I usually never make such bold claims, but I truly do believe that Lebanon has the best food in the world.
Objectively. I sometimes don’t even bother to argue with people who try to tell me differently. I can guarantee that you will not find food that is both healthy, while incredibly flavorful at the same time. With their crafty use of herbs and spices, Lebanese cuisine is a crucial part of its culture and has been met with critical acclaim around the world. There are simply too many amazing unique dishes you can choose from, but if you’re in Lebanon for a quick visit and want to know what you need to try, here are the five quintessential dishes you absolutely need to indulge in.
It would be disrespectful to refer to tabouleh merely as salad. Although it is made differently in various parts of the Middle East, it originated in Lebanon and consists of tomatoes, variations of mint, parsley, bulgur and onion, then seasoned with lemon juice and olive oil. It is commonly served as an appetizer before many meals. Tabouleh is a prime example of how Lebanese dishes perfect the combination of health and taste. It’s very possible you may have already had tabouleh in areas of Europe or the United States, it’s gained a tremendous amount of popularity over the years. If you’re in Lebanon, however, prepare to be astonished.
Often referred to as breakfast pizza in some areas of the west, man’oushesh is kind of like pizza, but not quite. It consists of dough, added with thyme, ground meat, cheese and other toppings; some may be quite creative with it. The most popular form of man’oushesh uses za’atar, which is an herb that consists of oregano, sesame seeds, salt and other unique spices. It’s a dish you’ll have a hard time saying no to, whether you’re starving or full.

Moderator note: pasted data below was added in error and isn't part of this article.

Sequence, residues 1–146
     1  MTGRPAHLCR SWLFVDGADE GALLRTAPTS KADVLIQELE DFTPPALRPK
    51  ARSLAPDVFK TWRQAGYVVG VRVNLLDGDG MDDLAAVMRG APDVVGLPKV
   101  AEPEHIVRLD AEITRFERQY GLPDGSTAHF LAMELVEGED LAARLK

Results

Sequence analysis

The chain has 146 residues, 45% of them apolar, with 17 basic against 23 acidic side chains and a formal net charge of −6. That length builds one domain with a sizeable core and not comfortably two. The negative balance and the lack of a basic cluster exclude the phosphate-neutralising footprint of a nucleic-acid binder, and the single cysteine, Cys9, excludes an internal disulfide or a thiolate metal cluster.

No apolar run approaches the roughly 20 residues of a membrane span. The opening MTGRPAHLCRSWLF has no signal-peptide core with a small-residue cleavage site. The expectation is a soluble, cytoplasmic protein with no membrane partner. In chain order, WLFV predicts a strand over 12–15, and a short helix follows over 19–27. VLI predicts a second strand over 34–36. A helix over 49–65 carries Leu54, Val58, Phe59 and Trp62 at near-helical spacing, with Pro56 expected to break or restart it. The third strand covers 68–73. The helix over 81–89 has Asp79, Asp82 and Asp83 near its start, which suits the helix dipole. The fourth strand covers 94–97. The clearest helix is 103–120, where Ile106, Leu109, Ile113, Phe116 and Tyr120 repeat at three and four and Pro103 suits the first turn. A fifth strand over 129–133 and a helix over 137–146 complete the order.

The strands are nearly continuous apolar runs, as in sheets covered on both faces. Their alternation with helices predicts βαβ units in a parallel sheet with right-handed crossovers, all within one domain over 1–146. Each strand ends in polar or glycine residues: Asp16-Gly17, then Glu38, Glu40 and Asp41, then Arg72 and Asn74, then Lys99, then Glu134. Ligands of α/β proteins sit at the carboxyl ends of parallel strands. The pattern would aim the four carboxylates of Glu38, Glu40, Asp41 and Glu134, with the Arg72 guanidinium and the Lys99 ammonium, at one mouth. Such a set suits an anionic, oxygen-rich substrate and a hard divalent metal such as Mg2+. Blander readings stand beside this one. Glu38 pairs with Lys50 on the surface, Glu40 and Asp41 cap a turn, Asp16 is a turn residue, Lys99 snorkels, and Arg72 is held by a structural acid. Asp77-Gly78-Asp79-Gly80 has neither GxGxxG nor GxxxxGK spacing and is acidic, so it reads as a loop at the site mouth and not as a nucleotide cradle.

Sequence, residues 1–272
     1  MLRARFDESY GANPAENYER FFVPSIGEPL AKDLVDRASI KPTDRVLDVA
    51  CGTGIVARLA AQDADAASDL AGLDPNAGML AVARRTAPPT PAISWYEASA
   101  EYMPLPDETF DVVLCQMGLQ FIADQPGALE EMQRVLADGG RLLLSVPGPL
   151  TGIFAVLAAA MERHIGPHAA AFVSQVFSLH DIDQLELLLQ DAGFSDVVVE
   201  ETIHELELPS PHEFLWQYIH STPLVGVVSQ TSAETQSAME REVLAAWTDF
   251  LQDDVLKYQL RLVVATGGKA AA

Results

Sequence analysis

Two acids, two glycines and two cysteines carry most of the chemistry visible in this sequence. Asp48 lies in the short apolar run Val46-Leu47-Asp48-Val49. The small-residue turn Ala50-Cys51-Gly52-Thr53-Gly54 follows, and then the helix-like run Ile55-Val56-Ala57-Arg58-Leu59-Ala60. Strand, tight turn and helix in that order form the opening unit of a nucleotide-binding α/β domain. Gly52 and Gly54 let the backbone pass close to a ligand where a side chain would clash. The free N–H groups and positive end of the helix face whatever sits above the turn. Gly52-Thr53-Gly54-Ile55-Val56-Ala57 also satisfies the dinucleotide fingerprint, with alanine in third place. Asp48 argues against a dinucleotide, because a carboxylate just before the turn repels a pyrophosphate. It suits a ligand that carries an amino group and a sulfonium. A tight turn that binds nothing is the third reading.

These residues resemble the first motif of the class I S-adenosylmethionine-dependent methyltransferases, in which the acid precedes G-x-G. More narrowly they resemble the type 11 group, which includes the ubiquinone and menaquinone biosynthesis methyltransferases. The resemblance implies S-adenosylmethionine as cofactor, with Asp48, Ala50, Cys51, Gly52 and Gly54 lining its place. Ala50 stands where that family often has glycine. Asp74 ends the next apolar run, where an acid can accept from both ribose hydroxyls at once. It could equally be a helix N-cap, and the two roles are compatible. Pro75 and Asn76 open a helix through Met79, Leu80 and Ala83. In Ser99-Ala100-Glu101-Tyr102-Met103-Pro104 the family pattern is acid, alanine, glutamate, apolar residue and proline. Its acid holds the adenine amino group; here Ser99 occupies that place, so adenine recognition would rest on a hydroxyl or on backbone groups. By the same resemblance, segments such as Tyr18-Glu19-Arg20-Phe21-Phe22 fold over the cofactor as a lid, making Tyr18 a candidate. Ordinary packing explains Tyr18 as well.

Different versions of kibbeh exist in so many parts of the Middle East, from Egypt, Syria, to Palestine. Yet, in Lebanon, it is deemed as a national dish. It’s an irresistible mix of ground meat, continuing the classic Lebanese tradition of adding herbs and spices. Kibbeh can be served baked, raw, fried and even vegetarian with a slight recipe change. Like most Lebanese dishes, it is topped with olive oil to add the delicious finishing touch.
Unlike the rest of the dishes on this list, ma’amoul is actually a dessert. It’s difficult to describe ma’amoul while still doing it justice. It’s a semolina cookie filled with various nuts, such as: pistachios, walnuts and dates, topped with powdered sugar. They are usually served with tea and coffee throughout the day, and are also commonly served during many traditional celebrations, including: Easter.
Now, I can almost say with certainty that most of you have eaten hummus before, whether it was served as an appetizer at a restaurant, or even from the supermarket. In Lebanon, however, it’s almost like it’s a completely different dish. Hummus is a dip made of mashed chickpeas blended with lemon juice, tahini and garlic. Sounds simple enough, but the way it’s made everywhere else simply cannot compare to the hummus you’ll taste in Lebanon. It’s perfect to eat with a variety of meats and bread, and mouthwatering all on its own.